I imagine researchers and developers having a ton of test projects and designs on the bench and drawing board waiting for manufacturing and logistics to get a semblance of normalcy, but for us consumers, is it worth waiting for year, year and half to purchase upgrades on gear that, let´s be realistic, even if it replaces a decade and half old tech, will not make a huge improvement? And no, I´m not talking about going from something like a Q series from Kef to a Reference series (I use Kef speakers and I have listened to Blades, they esentially laugh at my humble IQ´s) or from a Sonus Faber Lumina series to a Olympica Nova series; because that is something I can do now, funds allowing.

So sumarizing, what would be your call for gear such as amps, speakers, av receivers/processors or headphones? Save and wait for 12 to 16 months or browse through current options?
 

Blumlein 88

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Good amps are so good nothing much is going to be better. Maybe more power, but we already have excellent highly powerful amps. Don't wait.

AVRs and pre/pro's much the same, but Dolby will of course trickle out improvements to keep you always needing to upgrade. So you can't wait for things to even out as Dolby won't ever allow that to happen. They'll come up with some new format or HDMI spec or something at least about every other year.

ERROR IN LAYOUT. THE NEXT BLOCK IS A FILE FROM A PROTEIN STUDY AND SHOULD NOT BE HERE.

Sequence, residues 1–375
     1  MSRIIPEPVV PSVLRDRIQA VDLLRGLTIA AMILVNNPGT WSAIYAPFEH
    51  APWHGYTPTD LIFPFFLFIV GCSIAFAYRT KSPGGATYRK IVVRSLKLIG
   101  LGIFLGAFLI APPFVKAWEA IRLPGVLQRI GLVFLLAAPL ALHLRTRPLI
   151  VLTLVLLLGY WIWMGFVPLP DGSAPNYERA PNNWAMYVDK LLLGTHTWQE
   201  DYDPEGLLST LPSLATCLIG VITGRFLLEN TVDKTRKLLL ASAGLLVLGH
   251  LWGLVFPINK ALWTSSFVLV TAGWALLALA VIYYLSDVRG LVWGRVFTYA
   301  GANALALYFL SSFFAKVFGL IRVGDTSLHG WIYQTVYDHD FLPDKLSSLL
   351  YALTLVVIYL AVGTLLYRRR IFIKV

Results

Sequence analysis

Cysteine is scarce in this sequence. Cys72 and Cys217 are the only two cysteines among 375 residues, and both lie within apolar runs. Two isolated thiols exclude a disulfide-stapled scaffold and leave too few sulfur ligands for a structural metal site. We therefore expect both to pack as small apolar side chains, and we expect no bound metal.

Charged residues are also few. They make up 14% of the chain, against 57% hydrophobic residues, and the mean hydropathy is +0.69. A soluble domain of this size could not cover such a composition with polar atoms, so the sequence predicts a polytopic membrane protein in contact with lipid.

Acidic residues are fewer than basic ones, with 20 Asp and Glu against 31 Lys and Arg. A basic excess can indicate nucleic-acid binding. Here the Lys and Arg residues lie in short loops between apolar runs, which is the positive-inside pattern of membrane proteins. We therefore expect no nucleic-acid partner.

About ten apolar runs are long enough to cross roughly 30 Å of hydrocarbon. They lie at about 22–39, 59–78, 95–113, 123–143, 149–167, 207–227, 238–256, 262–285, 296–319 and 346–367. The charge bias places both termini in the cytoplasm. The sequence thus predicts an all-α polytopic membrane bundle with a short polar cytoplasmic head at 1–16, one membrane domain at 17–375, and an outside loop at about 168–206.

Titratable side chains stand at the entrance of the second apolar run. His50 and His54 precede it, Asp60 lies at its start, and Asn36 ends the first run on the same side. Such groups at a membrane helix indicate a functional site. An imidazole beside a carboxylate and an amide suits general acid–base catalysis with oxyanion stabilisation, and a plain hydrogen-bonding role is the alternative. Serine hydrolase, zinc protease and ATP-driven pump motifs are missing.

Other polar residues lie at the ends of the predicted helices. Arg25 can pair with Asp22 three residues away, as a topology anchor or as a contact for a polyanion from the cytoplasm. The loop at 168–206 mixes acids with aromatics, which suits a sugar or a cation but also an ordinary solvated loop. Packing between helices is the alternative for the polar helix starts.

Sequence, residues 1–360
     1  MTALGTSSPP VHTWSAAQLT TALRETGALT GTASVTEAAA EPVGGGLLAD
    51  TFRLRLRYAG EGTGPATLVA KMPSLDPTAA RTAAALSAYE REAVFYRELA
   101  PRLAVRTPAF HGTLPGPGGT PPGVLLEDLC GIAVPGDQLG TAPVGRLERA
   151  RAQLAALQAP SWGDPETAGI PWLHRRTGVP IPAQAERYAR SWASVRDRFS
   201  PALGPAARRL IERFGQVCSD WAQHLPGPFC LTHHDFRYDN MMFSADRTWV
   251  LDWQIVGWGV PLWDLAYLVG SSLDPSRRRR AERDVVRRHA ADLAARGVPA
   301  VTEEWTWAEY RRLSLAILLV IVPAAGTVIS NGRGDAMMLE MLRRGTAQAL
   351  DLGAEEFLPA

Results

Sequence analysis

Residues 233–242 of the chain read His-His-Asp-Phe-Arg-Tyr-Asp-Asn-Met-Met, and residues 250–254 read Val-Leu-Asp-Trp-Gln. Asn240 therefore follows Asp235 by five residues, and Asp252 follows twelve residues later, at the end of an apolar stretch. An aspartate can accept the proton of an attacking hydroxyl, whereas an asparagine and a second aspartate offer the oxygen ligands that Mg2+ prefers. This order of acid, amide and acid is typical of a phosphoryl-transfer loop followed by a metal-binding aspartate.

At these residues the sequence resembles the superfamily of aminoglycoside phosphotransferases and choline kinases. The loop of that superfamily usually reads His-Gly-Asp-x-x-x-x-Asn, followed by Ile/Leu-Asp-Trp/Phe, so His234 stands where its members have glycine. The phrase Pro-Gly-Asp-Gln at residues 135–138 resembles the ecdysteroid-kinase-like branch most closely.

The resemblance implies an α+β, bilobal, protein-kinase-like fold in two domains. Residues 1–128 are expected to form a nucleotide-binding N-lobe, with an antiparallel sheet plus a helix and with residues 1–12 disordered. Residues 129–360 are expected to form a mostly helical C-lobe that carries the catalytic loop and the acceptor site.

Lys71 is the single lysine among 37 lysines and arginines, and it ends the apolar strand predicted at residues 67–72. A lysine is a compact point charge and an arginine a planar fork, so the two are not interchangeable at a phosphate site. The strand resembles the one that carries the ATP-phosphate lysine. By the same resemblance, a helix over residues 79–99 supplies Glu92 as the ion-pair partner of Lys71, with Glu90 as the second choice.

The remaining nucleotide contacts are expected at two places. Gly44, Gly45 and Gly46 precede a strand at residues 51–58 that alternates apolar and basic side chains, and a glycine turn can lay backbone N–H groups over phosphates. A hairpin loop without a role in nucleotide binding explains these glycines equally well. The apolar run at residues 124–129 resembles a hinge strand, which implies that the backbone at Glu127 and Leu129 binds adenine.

Headphones in general the industry is coming to terms with the work and usefullness of the Harman targets. The Harman target itself is being tweaked a little still. I'd get a phone that meets your needs, has tested well here on ASR and doesn't cost too much. Then maybe save and wait for an upgrade in 18-24 months.

Speakers I think are further along, and though there may be improvements in various aspects I'd go with a very good speaker, go ahead and spend the money now.

And of course there really is no such thing as an end all system. Aspects change, formats change, offerings improve or new ideas surface. You'll always have reason to upgrade at least every few years on almost any part of the gear.
 
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Vacceo

Vacceo

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Good amps are so good nothing much is going to be better. Maybe more power, but we already have excellent highly powerful amps. Don't wait.